History of the Lake District

Ullswater from Arnison Crag

Ullswater from Arnison Crag

The Lake District is relatively young as a tourist attraction. Before the hordes of visitors arrived, drawn to the poetic picture created by William Wordsworth and others, these rugged lands were primarily used for farming, mining, and defence.

The area is rich in history and during your visit you may encounter Neolithic monuments, Roman forts, Medieval castle ruins, or fine examples of Georgian architecture. What follows is a brief overview of the history of these extraordinary lands.

The Pre-Roman Era: Ancient Settlements

Castlerigg Stone Circle, Keswick

Castlerigg Stone Circle, Keswick

Cumbria and the Lake District were once a barren ice ensconced landscape. It’s thought that settlers briefly set up here around 12,000 years ago during a period of warming, before being forced to leave once the colder weather returned. Settlers later returned during the Mesolithic period (9600BC – 4000BC) but primarily kept themselves to coastal areas, dwelling in caves.

During the Neolithic Period (4500BC – 2350BC), settlers began to move in land to the area now known as the Lake District, drawn to the rich stone resources that were used to create axes and other tools. Stone from Langdale Pike has been found amongst various Neolithic tools scattered around the country, giving rise to the suggestion that the area was akin to a stone factory for these early inhabitants.

There are fine examples of Neolithic stone circles and monuments in the area, including Castlerigg which is located just outside of Keswick and set within an amphitheatre of fells, the Shap Stone Avenue, which is a series of henges, standing stones, and circles, and Long Meg and Her Daughters, a stone circle outside of Penrith overlooked by the standing stone of Long Meg.

Settlements continued to grow and develop during the Bronze Age and the Iron Age, and the area remained one that featured scattered communities and farmsteads. Later, Celtic tribes began to rise, and it’s thought that Cumbria was initially part of the Carvetti tribe, and then part of the Brigantes tribe at the time of the Roman invasion of the UK.

The Roman Era: Hadrian’s Wall

Roman Bath House, Ravenglass

Roman Bath House, Ravenglass

Initially, Cumbria and the rest of the Brigantes territory in the north remained independently governed, but following periods of rebellion the area came under Roman control thanks to the efforts of Agricola, Roman governor of Britain from 77AD until 83AD.

As skirmishes between the Romans and the Britons who occupied Scotland continued, defences along the border were shored up, with forts and watch towers created at various locations including: Ravenglass, Maryport, Troutbeck near Keswick, and Ambleside.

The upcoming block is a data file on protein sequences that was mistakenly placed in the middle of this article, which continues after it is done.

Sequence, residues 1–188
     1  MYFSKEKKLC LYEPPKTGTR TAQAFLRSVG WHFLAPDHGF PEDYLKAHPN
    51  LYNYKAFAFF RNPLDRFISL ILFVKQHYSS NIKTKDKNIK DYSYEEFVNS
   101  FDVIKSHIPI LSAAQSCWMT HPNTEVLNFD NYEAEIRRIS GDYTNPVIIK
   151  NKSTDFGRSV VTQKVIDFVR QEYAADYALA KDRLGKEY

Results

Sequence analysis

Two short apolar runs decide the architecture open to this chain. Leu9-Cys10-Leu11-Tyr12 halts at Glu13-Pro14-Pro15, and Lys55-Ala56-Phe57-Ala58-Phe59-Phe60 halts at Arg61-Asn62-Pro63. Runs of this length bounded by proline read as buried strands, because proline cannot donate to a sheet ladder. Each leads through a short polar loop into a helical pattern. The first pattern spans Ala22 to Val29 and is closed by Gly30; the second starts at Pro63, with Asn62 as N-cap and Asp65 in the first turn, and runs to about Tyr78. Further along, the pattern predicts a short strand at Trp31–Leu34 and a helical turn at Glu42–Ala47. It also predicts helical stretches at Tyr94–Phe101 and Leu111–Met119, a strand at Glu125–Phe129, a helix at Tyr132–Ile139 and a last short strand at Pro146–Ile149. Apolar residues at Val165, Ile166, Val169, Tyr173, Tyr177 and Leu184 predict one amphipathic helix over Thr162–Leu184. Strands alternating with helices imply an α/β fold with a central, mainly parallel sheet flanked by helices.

Later, Emperor Hadrian made the decision that the Britons could not be contained, and construction of the world famous Hadrian’s Wall began in 122 AD, taking just ten years to complete.

Under Roman occupation, it is thought that Cumbria remained a largely rural community with scattered farms. Religion played a central part and cultures became mixed, where Celtic gods were worshipped alongside the Roman cults of Christianity and Mithraism.

Post Roman Occupation: A Tribal Melting Pot

Stone circle on Birkrigg Common, Furness

Stone circle on Birkrigg Common, Furness

Often and controversially referred to as the "Dark Ages" the period following the Roman withdrawal from Britain in 410 AD is filled with myth and legend, warring tribes, and mysticism. Tales of King Arthur’s exploits in Cumbria during this time may not be factually correct, but they have left a long lasting impression. Instead, what is known is that this period endured tribal warfare, with Kings battling over the landscape.

It is thought that during this time Cumbria became part of the Celtic kingdom of Rheged, led by King Urien Rheged and his family, though this is often disputed. Later, the kingdom is thought to have been incorporated into the Anglo-Saxon kingdom of Northumbria following a marriage between the two tribes. Roman Christianity would later become adopted by the Northumbrian tribe, and large estates of land were passed over to the church’s control.

As the church’s power in the area increased, the power of the kingdom of Northumbria diminished, opening it up to successful raids from Norse and Danish tribes, also known as the Vikings. The area of the Lake District became a melting pot of invading cultures, as Celts, Vikings, Anglians, and the Scottish kingdom of Strathclyde all fought over the area. This continued until the Norman invasion of 1066.